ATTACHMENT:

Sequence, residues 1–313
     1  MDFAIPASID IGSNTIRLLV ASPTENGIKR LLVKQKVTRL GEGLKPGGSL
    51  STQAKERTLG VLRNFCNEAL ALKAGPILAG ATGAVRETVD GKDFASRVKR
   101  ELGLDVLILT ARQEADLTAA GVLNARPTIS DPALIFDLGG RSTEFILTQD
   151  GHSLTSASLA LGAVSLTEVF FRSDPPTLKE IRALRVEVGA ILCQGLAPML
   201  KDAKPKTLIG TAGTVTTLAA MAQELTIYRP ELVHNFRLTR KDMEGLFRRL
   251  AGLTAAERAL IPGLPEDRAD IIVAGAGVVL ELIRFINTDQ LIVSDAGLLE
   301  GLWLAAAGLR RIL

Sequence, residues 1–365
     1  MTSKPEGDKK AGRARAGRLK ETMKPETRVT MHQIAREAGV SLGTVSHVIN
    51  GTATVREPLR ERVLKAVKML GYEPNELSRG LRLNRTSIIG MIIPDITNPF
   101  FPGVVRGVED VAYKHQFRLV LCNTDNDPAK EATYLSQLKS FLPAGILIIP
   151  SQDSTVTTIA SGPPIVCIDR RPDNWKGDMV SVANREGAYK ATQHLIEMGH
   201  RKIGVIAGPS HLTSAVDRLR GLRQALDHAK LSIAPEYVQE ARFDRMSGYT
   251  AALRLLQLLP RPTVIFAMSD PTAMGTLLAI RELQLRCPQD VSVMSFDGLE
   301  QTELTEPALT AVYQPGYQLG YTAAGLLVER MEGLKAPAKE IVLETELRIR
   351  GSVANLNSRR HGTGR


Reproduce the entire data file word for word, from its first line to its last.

Sequence, residues 1–313
     1  MDFAIPASID IGSNTIRLLV ASPTENGIKR LLVKQKVTRL GEGLKPGGSL
    51  STQAKERTLG VLRNFCNEAL ALKAGPILAG ATGAVRETVD GKDFASRVKR
   101  ELGLDVLILT ARQEADLTAA GVLNARPTIS DPALIFDLGG RSTEFILTQD
   151  GHSLTSASLA LGAVSLTEVF FRSDPPTLKE IRALRVEVGA ILCQGLAPML
   201  KDAKPKTLIG TAGTVTTLAA MAQELTIYRP ELVHNFRLTR KDMEGLFRRL
   251  AGLTAAERAL IPGLPEDRAD IIVAGAGVVL ELIRFINTDQ LIVSDAGLLE
   301  GLWLAAAGLR RIL

Sequence, residues 1–365
     1  MTSKPEGDKK AGRARAGRLK ETMKPETRVT MHQIAREAGV SLGTVSHVIN
    51  GTATVREPLR ERVLKAVKML GYEPNELSRG LRLNRTSIIG MIIPDITNPF
   101  FPGVVRGVED VAYKHQFRLV LCNTDNDPAK EATYLSQLKS FLPAGILIIP
   151  SQDSTVTTIA SGPPIVCIDR RPDNWKGDMV SVANREGAYK ATQHLIEMGH
   201  RKIGVIAGPS HLTSAVDRLR GLRQALDHAK LSIAPEYVQE ARFDRMSGYT
   251  AALRLLQLLP RPTVIFAMSD PTAMGTLLAI RELQLRCPQD VSVMSFDGLE
   301  QTELTEPALT AVYQPGYQLG YTAAGLLVER MEGLKAPAKE IVLETELRIR
   351  GSVANLNSRR HGTGR